The beginning of this story devours the tail of its end. It’s like when I ask in Slovene class zakaj, why something – a word, a phrase – is the way it is, sometimes there is no answer except zato: because, therefore, it is. This story is no different.
It begins with the wind and the dark sky across Flanders, the green fields seeping into horizons on either side of a narrow road. For the riders, the whole day is ahead of them, burdened with potential. It is damp. Not raining, but damp, and the men in their brightly colored cycling kits huddle together, anxious. One darts across the road, another catches him. It is like a game. A very long, very nervous game.
Everyone is playing. One wants to get ahead of the race, the others do not want him to. Then the wind changes direction and they fan across the road in their birdlike patterns, little diagonal lines chopped up into segments, each trying not to be a segment, each realizing that they have gotten caught in something terrifying, which bears the name echelon. There are still over 200 kilometers left in the Ronde van Vlaanderen.
This is the first tug at a narrative string that will unwind across the span of several hours. Around 30 riders are left behind in a chasing group. One of them is the favorite of the day, Mathieu van der Poel, and members of his Alpecin-Deceuninck team. This error shouldn’t be a big deal, right? There’s so much race left, so much road. Then the minutes start passing in a questioning way. It takes an agonizingly long time for the two groups to come back together but they do.
And when there are crashes, some big and horrible and fast, full of the sound of chainrings gnashing, the soft thud of bodies hitting the ground, the groups that are formed come back together. And when the road opens up once more, exposing each resilient creature to the vagaries of the weather, the groups that are formed, come back together. But each group that forms takes so much out of those who must stitch things back together. Men emerge and expire in the same kilometer. It cannot continue like this.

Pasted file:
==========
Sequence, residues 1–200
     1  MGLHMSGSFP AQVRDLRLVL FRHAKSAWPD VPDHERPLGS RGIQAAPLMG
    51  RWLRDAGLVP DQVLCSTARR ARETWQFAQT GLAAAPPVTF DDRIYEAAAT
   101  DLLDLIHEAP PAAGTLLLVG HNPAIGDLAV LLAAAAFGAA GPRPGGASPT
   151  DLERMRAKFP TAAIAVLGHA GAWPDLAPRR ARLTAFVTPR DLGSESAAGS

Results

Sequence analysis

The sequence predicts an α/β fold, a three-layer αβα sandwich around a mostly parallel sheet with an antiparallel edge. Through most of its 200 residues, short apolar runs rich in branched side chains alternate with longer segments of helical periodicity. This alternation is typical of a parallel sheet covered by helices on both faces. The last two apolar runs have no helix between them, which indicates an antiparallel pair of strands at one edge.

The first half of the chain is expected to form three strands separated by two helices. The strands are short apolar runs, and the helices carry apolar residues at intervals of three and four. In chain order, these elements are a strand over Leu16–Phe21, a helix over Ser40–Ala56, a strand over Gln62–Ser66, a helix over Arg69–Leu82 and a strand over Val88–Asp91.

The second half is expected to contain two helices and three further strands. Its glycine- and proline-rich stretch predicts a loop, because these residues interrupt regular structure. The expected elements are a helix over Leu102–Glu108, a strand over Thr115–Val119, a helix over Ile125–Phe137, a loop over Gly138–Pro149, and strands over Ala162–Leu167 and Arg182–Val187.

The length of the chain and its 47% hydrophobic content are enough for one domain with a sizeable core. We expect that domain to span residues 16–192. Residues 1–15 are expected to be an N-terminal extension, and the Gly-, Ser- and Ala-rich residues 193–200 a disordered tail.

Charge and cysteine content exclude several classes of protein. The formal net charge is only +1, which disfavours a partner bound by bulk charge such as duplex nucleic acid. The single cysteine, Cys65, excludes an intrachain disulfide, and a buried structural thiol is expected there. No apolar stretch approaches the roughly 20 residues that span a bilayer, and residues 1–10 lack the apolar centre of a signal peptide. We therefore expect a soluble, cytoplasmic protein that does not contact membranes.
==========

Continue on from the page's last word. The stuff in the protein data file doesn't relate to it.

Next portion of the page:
It takes forever for the break to form, to the point where it looks like there won’t be one at all. This constant weaving and dodging and snapping and reclaiming and each of the resulting casualties and mistakes, is a constant generator of pure misery, restlessness, and malaise. When the five riders who go off the front finally do so – none of them are a threat and none will remain by the very end of the day’s proceedings – hours have passed. The peloton relaxes, but only slightly. A race like Flanders is so full of dreams that nothing is ever still.
Finally safe in the peloton, Mathieu van der Poel, sharp as he is, knows that everything is consequential. But it is perhaps more consequential to others than it is to him. He has to believe something like this, otherwise his antics would be more associated with clever self-preservation than they are with spectacle. Churning deep within him is, more than anything, the desire to win at all costs. Those costs are great.
When a stray Bahrain-Victorious rider cuts across the road and takes out half of the peloton, van der Poel survives. When, on the first passage of the slippery Oude Kwaremont, Team DSM grinds everything to such a standstill that riders begin to fall over from lack of momentum, Van der Poel survives. When there are more splits in the peloton and once more Van der Poel is out of position, left as far back as 30 or so seconds, he closes the gap, and survives that too. Each act of perseverance is more incredible than the next. Surely, he must be done for, but somehow he never is.
All of this misfortune must please his rival Wout van Aert, whose Jumbo-Visma team have been making the classics look easy. Just last week in Gent-Wevelgem, after a clever two-up escape, Van Aert gifted his loyal lieutenant Christophe Laporte the win in a display of what could only be described as total dominance. Everything for Jumbo-Visma seems possible, as though the petty squabbles of lesser teams are not their concern. They watch and wait patiently, keeping an eye on Van der Poel as well as the outside threat of Tadej Pogačar, who, in turn, watches Jumbo-Visma.
A certain and powerful desperation seems to seize bike racers at the 100-kilometer mark of an important race. This restlessness manifests in attacks. Ahead of the Marlboroghstraat, a strong group wrests itself free: Fred Wright, Jhonaton Narváez, Matteo Trentin, Neilson Powless, Nathan Van Hooydonck, Stefan Küng, Kasper Asgreen, Mads Pedersen, Florian Vermeersch. They are worth listing here in full because each of them is strong enough to stay out ahead to the end, but especially these: Pedersen, a former world champion; Asgreen, a former Flanders winner; Trentin, a former European champion, each combining their efforts in anticipation of the Big Three.